Repetition in Home at Grasmere: Analysis
One or more examples of each form of traditional rhetorical repetition used by Wordsworth is analysed below.
The same clause repeated but with one word changed
This strategy is used by Wordsworth in a number of ways and frequently within the poem.
Aye think on that, my Heart, and cease to stir;
Pause upon that, and let the breathing frame
No longer breathe . . .
(MS B 99-101)
Here the repetition of "think on that . . . Pause upon that" is divided around the phrase "cease to stir". As a result, the repetition itself enacts the movement of the beating heart and of the breathing poet. A sense of the line metrically and rhetorically "breathing" holding and releasing its breath is made explicit as it develops.
"Joy spreads and sorrow spreads" (664)
The repetition is important for the sense of "spread" it conveys. By repeating it, the impression of spreading occurs twice, as if in layers or ripples on a pool which overlap. Thus joy comes and passes as does sorrow. If one wrote instead "joy and sorrow spread" the sense of shifting, sequential movement is lost.
The last word of one clause repeated at the start of the next
The unappropriated bliss hath found
An owner, and that owner I am he.
In this example of anadiplosis, the claim to ownership is reinforced by the repetition. The repetition is redundant at a level of meaning but the statement is made grander, and the revelation more dramatic, by repetition (An owner – who? An owner – me).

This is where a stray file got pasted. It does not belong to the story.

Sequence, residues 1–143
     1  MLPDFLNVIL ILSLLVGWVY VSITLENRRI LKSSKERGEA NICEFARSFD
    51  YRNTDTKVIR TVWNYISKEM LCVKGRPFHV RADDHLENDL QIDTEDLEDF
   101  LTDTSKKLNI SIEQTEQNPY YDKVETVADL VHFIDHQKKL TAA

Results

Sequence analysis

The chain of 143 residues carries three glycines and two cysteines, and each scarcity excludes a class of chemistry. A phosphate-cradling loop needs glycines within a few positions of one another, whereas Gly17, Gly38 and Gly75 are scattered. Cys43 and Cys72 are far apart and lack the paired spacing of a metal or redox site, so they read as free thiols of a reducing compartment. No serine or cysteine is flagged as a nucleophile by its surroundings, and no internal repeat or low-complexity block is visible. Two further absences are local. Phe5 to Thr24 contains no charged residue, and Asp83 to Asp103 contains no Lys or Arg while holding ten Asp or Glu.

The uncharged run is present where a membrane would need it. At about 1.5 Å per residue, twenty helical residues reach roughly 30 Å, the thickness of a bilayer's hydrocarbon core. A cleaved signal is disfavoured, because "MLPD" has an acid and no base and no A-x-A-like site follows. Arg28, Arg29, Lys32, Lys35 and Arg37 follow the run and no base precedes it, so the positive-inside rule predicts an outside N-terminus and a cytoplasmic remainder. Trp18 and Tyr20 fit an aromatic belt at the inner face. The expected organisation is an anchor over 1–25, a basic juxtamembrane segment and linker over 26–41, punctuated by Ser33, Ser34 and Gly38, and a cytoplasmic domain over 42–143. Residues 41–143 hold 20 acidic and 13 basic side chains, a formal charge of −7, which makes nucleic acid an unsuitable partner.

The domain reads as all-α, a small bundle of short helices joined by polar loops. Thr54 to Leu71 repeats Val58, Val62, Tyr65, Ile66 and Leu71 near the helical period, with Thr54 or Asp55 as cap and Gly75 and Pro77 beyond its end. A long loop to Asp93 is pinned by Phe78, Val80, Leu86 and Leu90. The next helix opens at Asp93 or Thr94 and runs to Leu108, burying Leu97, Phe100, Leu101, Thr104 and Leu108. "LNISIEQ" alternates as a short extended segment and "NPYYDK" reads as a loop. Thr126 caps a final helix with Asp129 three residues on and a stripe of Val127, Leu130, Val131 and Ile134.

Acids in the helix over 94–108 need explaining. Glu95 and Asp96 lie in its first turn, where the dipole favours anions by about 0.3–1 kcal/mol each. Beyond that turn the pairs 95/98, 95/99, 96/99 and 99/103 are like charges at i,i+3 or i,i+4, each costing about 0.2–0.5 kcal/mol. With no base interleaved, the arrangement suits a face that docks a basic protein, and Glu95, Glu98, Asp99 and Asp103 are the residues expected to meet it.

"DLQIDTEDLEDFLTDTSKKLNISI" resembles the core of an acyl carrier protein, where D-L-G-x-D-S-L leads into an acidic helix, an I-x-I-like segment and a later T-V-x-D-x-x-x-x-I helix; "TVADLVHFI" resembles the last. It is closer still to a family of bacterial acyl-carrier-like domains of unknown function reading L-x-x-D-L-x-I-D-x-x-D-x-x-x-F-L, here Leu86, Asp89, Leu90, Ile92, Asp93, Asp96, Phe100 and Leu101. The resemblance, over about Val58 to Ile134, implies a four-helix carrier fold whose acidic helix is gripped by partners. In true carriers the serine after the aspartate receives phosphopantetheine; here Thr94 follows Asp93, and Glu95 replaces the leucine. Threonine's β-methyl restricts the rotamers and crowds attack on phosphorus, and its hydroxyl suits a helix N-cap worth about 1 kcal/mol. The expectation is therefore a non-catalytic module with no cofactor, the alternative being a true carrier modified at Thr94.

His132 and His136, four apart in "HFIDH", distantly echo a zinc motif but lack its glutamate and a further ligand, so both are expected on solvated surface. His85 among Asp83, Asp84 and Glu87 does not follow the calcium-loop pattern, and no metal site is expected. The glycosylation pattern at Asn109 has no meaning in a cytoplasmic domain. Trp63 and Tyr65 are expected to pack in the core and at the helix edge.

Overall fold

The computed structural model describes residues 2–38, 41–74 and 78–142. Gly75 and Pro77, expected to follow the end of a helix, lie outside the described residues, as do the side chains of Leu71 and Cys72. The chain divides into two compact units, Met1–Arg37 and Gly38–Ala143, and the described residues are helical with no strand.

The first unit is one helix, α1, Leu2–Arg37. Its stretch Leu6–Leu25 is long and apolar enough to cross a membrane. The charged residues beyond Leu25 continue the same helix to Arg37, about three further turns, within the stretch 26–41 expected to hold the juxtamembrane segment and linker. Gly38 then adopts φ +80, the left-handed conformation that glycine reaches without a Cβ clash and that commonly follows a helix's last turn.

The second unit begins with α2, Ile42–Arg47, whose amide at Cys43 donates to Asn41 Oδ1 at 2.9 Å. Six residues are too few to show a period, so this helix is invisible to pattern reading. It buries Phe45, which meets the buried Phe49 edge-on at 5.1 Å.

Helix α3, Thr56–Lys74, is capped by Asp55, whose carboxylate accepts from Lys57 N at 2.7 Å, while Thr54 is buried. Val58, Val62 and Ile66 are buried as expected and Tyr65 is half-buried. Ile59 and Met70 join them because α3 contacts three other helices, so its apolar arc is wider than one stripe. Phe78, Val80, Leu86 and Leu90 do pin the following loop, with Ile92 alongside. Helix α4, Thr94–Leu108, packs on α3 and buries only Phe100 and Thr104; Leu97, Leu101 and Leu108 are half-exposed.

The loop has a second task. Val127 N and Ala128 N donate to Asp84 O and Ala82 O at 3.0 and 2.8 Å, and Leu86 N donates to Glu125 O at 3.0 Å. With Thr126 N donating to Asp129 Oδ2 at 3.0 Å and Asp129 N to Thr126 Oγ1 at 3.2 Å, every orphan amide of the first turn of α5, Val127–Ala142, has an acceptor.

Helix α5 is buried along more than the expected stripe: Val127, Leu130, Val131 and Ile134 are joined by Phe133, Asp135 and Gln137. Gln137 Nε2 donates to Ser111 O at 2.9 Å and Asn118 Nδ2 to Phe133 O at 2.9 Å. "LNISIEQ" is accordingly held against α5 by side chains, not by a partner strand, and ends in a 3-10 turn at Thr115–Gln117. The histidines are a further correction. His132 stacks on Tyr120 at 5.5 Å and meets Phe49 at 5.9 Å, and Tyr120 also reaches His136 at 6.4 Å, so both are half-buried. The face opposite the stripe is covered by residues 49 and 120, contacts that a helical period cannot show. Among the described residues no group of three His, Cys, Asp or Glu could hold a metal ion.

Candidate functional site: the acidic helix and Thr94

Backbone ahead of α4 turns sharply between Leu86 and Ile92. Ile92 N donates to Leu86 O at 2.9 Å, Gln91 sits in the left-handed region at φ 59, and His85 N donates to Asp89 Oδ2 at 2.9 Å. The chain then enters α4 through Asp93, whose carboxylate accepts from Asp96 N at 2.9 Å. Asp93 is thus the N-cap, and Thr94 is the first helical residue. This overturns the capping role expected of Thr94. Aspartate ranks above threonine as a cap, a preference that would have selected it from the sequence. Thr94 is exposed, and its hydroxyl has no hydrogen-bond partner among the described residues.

The same word or words repeated at the end of each clause/ sentence
"Many are pure, the best of them are pure" (678)
Repetition reinforces the poet's belief in the untutored shepherds of the region. The end line repetition is also metrically calming and reassuring as in another example, "But I am safe; yes, one at least is safe" (74). In part this is because there is a sense of enclosure and resolution to the line created by the final repetition.
The same words repeated in reverse or re-arranged grammatical order
To flit from field to rock, from rock to field,
From shore to island, and from isle to shore,
. . . . . . . . . . . . . . . . . . . . . . . . . . . . . . . .
From high to low, from low to high, yet still
Within the bounds of this huge Concave . . .
In this example, antimetabole combines with anaphora to create a highly repetitious sequence in an example of what Bruce Clarke calls "reciprocal redundance" (Clarke, 361). There is good reason for it, however, since what is being described is the movement (in the mind, eye or body) of the boy who wastefully yet with full enjoyment, roams all over the place. The final line also sets up a contrast between apparent freedom which nonetheless still lies within the bounded domain of the valley.
The same word or words repeated at the start of each clause/ sentence
"The more I see the more is my delight." (717)